“In 2021 and the beginning of 2022, there weren’t that many digital nomad visas to choose from. Now it's how do we make ours stick out, whether it be a lower income requirement or discounts on co-living or working spaces.”
Carley Rojas Avila, a travel writer for the Associated Press and

More disposable income and different places to stay

Ash Ambirge, who produces a newsletter for digital nomads called Selfish Forever, has seen other trends emerge heading into the new year. 

“The biggest thing we’re going to see for 2023 is more long-term travel with affluent nomads who have more spending power,” said Ambirge. According to the Revelio Labs report, in 2022 most digital nomads had careers as software engineers, followed by product managers and sales associates.

While it might not sound exciting, Ambirge thinks these folks (who are largely HENRY millennials: High Earners, Not Rich Yet) can help boost a local economy by spending their disposable income on local communities. 

“Remote workers right now are getting a taste of freedom, and they’re happy with the way it feels.”
Ash Ambirge, editor of digital-nomads newsletter "Selfish Forever."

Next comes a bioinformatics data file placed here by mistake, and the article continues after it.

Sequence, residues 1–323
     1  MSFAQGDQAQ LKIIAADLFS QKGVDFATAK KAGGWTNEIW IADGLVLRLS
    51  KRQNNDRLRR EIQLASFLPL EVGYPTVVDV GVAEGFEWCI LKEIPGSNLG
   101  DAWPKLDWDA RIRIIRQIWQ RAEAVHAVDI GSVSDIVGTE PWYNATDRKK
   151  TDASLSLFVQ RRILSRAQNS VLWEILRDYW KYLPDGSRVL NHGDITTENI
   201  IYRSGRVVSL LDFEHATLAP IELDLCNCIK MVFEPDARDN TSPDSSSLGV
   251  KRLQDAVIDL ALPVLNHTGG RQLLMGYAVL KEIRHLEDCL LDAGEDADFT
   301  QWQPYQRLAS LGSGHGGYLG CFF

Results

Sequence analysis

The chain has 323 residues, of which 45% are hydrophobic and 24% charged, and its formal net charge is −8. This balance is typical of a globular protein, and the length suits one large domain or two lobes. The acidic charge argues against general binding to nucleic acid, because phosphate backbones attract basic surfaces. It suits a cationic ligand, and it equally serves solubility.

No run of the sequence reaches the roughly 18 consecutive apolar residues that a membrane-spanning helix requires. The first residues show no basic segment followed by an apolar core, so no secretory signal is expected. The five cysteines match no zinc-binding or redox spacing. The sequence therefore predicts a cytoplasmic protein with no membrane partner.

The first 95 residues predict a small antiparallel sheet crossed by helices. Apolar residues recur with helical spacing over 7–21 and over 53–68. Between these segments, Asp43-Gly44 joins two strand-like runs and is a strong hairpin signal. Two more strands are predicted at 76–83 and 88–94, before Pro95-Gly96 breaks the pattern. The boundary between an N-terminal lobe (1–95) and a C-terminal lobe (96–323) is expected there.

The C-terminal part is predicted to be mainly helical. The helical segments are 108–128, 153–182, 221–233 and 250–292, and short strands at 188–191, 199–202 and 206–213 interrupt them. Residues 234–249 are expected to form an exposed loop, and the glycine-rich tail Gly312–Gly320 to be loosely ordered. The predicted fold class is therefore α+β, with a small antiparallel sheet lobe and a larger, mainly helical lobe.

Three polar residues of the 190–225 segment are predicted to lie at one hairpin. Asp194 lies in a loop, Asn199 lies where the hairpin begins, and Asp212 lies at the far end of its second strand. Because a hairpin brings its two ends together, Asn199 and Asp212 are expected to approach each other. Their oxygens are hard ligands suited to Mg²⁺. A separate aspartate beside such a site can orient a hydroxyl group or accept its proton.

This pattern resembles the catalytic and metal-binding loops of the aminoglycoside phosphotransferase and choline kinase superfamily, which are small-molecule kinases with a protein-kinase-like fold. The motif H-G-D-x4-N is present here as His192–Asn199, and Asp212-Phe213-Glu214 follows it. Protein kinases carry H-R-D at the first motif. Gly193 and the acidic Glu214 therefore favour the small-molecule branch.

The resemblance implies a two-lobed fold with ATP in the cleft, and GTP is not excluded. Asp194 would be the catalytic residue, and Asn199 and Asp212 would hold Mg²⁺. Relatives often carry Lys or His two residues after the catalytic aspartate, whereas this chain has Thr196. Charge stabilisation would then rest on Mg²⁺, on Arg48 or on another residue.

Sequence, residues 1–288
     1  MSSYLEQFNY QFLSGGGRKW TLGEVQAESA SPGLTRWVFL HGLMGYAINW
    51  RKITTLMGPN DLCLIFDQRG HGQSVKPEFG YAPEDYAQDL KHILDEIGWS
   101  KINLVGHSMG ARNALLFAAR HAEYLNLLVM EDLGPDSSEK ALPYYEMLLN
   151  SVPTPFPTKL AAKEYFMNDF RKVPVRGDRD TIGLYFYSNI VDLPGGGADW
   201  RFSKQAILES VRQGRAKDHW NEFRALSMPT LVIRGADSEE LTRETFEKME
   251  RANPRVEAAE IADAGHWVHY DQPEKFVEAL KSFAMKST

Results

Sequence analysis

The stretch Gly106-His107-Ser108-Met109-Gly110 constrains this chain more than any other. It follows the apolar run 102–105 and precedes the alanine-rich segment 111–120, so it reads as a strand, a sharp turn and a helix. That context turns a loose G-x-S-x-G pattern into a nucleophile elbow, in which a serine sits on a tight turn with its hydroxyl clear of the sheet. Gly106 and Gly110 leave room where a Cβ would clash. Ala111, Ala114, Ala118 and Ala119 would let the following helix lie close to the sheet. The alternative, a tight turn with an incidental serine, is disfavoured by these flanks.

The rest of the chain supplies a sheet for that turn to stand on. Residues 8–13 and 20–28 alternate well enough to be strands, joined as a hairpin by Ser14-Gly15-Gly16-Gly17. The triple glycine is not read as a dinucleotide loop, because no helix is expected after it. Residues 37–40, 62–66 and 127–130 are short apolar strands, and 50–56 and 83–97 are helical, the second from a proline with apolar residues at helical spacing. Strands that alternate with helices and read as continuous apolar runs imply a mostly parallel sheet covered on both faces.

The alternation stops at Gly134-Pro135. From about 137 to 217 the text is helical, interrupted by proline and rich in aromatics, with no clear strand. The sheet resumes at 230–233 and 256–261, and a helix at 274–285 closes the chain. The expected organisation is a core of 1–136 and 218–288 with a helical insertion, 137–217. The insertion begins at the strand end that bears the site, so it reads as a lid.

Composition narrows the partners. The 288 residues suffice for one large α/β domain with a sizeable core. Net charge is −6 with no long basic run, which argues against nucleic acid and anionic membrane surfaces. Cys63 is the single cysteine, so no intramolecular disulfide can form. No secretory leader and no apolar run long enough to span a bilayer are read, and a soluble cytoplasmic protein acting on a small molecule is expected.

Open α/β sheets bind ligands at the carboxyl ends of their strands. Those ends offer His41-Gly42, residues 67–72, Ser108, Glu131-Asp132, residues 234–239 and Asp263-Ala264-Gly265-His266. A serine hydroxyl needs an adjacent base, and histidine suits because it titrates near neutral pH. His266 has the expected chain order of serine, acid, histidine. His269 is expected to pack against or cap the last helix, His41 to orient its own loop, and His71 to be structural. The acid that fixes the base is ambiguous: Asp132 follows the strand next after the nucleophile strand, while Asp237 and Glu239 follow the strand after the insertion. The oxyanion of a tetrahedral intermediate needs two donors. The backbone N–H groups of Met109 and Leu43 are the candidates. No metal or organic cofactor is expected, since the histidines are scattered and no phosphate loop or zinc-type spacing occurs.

“If you see more influx of cash, communities can turn it around and revitalize or provide better jobs,” said Ambirge.

These folks then have the choice of where they want to stay when visiting a country, which is also changing tides slightly for the new year. Heading into 2023, Ambirge believes that the hospitality sector is going to begin implementing different ways to attract remote workers as hotels try to compete with Airbnb or long-term apartment rentals. “Even corporate hotel chains have caught on to this,” said Ambirge. 

For example, Atwell Suites, an IHG Hotel, created a space that is specifically geared towards workers and includes a standing desk, more power outlets, and a gallery wall that fits well as the background for video calls. It’s also shifting its Crowne Plaza rooms into a “Work Life” room. Meanwhile, Hoxton hotels has expanded with a digital nomad workspace called “Working From.” There are currently two Working From locations: Fulton Market in Chicago, Southwark in London, with a third coming this year in Brussels with the opening of that hotel. 

Regardless of whether people opt to work from an Airbnb-rented apartment or a hotel or something in between, it’s clear that digital nomading will continue to thrive this year. “Remote workers right now are getting a taste of freedom, and they’re happy with the way it feels,” added Ambirge.